The workforce is undergoing massive changes. Trends such as globalization and automation continue to squeeze middle-skills jobs and increase the number of temporary workers. But what impact will this have on facility management?
Technological development and globalization are putting a downward pressure on employee benefits, wages and contractual agreements. Progressively, companies transfer employees from fixed to variable employment contracts to grow their flexibility and decrease their sensitivity to outward pressures. According to a McKinsey survey among US employers, more than one third plan to increase the use of contingent labor and part-time workers in the years ahead. McKinsey also see a range of new intermediaries emerging to supply high-skill and low-skill talent for short-term assignments. Many of these assignments will be sourced virtually.
The consequences of temporary workers
The growth of temporary workers has both positive and negative consequences as visualized in the illustration below.
In many cases, both companies and workers benefit from increased flexibility. While companies gain agility, cost control as well as decrease their sensitivity towards external market pressures, workers including seniors aged 60+ and those with young children tend to enjoy flexible working arrangements.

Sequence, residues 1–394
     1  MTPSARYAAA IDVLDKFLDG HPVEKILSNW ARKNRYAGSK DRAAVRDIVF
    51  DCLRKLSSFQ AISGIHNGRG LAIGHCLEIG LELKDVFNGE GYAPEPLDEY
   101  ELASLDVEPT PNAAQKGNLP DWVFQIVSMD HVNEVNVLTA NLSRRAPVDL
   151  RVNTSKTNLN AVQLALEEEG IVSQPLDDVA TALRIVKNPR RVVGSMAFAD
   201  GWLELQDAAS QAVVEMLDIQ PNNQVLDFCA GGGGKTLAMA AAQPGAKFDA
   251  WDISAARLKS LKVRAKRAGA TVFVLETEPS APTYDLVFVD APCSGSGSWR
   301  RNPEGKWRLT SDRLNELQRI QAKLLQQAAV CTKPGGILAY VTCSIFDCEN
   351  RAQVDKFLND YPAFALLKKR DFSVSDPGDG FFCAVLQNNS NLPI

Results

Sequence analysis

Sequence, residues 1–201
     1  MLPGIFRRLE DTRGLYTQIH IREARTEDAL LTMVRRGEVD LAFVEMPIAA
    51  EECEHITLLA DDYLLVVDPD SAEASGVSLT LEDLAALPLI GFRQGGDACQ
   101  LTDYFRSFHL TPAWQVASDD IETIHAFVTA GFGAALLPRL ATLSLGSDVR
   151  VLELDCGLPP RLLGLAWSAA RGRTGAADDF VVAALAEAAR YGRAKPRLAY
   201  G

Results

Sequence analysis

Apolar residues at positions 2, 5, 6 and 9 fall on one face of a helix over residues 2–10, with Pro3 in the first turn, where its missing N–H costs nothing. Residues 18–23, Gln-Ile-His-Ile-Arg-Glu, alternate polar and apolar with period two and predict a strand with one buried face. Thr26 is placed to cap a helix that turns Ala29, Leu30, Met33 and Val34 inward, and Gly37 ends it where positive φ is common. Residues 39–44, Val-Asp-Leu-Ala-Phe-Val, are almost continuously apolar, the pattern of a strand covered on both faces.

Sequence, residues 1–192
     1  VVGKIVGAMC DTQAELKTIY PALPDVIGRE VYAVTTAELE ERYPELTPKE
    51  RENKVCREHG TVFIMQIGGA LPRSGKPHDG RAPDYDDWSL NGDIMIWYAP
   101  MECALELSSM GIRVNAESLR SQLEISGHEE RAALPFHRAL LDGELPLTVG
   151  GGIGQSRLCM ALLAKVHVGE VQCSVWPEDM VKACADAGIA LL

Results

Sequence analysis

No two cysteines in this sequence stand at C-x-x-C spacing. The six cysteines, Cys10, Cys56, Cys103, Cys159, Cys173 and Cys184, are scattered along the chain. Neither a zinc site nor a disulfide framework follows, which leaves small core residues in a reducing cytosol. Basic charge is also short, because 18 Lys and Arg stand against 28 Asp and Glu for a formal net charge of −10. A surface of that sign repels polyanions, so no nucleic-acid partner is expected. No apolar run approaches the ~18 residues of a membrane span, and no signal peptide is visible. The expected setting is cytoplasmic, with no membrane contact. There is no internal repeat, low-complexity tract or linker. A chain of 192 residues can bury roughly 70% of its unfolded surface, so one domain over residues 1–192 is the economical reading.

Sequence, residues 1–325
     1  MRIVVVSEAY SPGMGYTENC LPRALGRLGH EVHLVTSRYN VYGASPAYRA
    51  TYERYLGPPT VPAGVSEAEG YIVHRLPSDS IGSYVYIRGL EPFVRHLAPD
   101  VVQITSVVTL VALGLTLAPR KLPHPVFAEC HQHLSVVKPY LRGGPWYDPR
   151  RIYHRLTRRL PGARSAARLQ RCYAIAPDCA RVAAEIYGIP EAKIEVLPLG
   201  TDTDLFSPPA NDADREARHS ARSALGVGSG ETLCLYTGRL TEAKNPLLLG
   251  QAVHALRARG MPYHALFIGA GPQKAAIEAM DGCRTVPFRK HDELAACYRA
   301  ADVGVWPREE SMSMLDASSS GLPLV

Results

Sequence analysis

For middle-skill knowledge workers, economic- and job-related security are becoming important psychological factors in the workplace and according to a recent global workforce survey four out of ten employees were willing to accept wage reductions in return for a defined retirement package.
Balancing managing talent and motivating the disengaged
The future of work will hold both opportunities and challenges for office designs and facility management providers. They will be asked to develop new ways to provide inspiring and motivating workspaces that both promote productivity and save money.
Studies by BCG and IBM show that the war for talent, managing talent, improving leadership development, and strategically enhancing the current capabilities of workforces are the areas with the greatest importance in the future. The Facility Management industry expect steep increases in users’ expectations for design quality and up-to-date technology to continue, with focus on providing the absolute best workplace amenities for the best talents towards 2020.
The impacts of the future of work on facility management
Office designers and facility mangers will need to be innovative to offer motivating solutions at reduced costs. They will need to balance between the quantity of office environment (m2 per employee) and the quality of the experience. As workers increasingly are asked to work harder, workspaces must be maintained as a critical element in helping employees feel engaged at work. This will imply finding the correct balance between standardization and individualization in the workplace. Once this has been identified, Facility Managers need to facilitate and secure the desired level of individualization.
Finally, it will be more and more important to balance the requirements of employees with the organization’s strategic ambitions and culture. With a focus on cost reductions this balance will be placed between the quantity and the quality of the workplace experience.
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